Improve your tacklers by understanding how the best defenders grew as players. I spoke to one player whose technical expertise stands out amongst her peers. By Dan Cottrell Sophie about to make a strong tackle Omega Photography www.facebook.com/photographyomega Sophie Ellis, a 17-year-old student in North Wales, has been playing rugby for the last four... MORE
Safely introduce contact
By Mark Calverley, RFU Level 3 and IRB Level 4 qualified coach, and owner of the NZRFU Practicum award – the highest coaching award in New Zealand
Once players have been introduced to the techniques and safety issues involved with tackling and have practised it in safe controlled environments and drills, it is time to put it in to a match-type practice.
Lead in with…
Safety and building confidence remain paramount in your planning. A player who has little confidence in tackling (whether big or small) may be turned off – or away from – the sport forever. Introduce tackling on static targets initially – tackle bags, static players on their knees advancing to standing. Build up gradually to players walking and being tackled. Cover the key points: Body shape, sighting the target, footwork to, in and through contact, arm grip (“ring of steel” and leg drive, head position and speedy recovery on to your feet.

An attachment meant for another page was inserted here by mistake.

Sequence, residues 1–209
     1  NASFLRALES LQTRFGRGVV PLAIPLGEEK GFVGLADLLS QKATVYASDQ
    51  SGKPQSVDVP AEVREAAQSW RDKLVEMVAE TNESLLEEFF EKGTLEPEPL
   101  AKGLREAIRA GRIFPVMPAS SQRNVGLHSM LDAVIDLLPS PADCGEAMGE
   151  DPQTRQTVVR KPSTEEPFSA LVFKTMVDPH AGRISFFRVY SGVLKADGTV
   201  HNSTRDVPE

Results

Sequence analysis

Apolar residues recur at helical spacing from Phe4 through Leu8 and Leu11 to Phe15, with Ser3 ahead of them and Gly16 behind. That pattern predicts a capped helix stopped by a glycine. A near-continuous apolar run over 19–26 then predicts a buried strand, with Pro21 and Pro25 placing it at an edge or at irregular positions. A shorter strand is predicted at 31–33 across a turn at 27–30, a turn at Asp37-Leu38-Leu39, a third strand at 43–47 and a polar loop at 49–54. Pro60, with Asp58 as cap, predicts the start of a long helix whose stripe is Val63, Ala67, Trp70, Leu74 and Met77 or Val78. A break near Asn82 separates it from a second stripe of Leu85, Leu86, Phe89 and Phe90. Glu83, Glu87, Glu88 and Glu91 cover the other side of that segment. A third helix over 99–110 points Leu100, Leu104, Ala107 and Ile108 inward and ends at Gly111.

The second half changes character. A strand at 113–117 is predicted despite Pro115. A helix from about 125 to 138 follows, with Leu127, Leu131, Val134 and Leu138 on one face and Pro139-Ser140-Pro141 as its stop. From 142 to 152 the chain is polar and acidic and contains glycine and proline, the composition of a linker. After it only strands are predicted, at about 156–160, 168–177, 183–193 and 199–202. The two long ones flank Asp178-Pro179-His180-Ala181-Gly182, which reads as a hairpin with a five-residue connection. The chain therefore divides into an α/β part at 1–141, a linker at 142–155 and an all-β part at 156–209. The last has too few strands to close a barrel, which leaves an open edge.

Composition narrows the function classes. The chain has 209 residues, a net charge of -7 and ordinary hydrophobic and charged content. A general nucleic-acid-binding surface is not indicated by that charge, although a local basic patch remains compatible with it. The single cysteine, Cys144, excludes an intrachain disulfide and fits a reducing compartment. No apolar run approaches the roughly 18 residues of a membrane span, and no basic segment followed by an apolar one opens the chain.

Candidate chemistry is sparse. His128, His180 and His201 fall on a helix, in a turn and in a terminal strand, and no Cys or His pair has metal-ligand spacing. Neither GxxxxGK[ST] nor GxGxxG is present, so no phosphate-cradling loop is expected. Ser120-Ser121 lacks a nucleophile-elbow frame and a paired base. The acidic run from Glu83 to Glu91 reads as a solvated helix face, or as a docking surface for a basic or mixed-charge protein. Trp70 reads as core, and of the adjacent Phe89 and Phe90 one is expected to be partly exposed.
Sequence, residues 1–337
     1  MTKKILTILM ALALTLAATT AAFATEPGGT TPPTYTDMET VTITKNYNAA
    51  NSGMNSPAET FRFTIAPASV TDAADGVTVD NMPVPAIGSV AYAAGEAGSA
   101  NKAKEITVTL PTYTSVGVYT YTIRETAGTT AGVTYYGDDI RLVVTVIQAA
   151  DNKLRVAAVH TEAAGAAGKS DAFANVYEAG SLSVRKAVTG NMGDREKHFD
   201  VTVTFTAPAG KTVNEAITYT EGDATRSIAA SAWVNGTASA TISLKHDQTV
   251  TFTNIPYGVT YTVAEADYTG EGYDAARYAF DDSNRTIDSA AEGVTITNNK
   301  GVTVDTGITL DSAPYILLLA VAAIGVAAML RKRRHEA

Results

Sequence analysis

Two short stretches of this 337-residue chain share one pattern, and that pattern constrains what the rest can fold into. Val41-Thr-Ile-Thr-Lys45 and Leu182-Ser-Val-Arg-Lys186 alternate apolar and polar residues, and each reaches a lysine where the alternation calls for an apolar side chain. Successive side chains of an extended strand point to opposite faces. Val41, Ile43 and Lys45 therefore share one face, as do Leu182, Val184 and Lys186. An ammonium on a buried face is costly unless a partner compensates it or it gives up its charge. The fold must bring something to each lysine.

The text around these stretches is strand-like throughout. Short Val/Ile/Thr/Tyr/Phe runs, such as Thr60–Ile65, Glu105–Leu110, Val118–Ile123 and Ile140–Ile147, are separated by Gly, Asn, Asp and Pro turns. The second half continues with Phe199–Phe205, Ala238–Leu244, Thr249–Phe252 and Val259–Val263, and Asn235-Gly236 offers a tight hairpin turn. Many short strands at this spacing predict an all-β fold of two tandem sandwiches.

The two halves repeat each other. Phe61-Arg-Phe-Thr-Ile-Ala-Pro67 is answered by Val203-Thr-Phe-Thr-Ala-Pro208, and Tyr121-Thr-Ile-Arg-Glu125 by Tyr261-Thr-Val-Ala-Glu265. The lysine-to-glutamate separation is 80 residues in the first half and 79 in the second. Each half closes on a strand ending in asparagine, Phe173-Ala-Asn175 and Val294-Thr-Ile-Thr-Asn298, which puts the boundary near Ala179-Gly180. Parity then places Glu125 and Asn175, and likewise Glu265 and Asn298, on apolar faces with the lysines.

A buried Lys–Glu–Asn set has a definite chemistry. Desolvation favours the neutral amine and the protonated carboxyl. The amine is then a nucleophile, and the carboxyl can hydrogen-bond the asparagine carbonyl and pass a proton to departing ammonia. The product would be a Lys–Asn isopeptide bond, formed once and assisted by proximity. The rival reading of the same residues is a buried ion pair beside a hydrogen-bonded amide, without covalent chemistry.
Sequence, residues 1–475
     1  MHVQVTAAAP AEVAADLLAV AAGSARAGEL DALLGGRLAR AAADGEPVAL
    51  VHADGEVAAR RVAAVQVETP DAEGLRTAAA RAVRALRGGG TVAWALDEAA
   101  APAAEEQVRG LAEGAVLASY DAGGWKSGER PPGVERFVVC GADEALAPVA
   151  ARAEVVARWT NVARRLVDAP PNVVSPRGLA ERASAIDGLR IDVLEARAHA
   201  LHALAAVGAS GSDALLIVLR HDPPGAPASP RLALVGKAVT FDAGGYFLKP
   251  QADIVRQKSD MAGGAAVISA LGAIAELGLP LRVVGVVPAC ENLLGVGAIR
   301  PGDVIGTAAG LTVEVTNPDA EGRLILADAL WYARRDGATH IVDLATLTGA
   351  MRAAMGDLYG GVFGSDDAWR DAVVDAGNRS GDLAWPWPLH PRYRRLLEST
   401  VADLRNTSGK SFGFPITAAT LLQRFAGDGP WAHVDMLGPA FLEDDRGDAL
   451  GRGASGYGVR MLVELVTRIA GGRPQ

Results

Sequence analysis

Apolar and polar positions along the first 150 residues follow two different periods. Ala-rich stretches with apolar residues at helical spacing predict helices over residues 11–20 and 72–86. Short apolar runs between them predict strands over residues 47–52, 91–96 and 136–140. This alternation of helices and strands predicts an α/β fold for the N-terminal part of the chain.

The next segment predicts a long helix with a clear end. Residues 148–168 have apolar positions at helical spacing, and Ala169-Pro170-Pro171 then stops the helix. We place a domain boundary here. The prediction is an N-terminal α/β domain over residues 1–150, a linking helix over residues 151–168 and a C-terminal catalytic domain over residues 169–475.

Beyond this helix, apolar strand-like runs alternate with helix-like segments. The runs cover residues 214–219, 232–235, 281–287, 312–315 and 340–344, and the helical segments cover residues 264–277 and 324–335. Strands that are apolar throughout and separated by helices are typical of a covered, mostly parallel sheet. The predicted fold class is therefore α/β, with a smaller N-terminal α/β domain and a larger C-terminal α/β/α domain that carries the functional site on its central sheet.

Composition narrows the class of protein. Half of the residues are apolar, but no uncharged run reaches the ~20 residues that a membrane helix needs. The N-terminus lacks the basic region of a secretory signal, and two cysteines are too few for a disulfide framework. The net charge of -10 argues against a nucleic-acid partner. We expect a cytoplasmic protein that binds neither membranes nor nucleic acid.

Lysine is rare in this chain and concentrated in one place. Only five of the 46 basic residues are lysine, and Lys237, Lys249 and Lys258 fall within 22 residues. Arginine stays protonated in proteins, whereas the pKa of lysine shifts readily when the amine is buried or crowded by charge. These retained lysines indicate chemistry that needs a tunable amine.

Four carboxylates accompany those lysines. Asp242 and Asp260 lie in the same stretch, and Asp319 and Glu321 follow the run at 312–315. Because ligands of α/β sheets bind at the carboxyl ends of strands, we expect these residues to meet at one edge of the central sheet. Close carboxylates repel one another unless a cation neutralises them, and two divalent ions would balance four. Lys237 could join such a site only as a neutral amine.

The next step is…
Using ruck pads where the holder wraps his arms around the front (top third) of the pad allows the tackle to be completed and the pad to be released. This brings in to play learning how to fall safely, get up quickly and drive over the ball or grab it.
The types of contact are…
- The side-on tackle using the right shoulder (1)
- The side-on tackle using the left shoulder (2)
- The simulated rear tackle (3)
- The front-on offensive (forward driving) tackle (4)
- The front-on defensive (backwards falling) tackle (5).
All need to be done using the left and right shoulder and built up from slow speed to faster speed. Ensure tackles are done in space so tacklers do not fall on each other.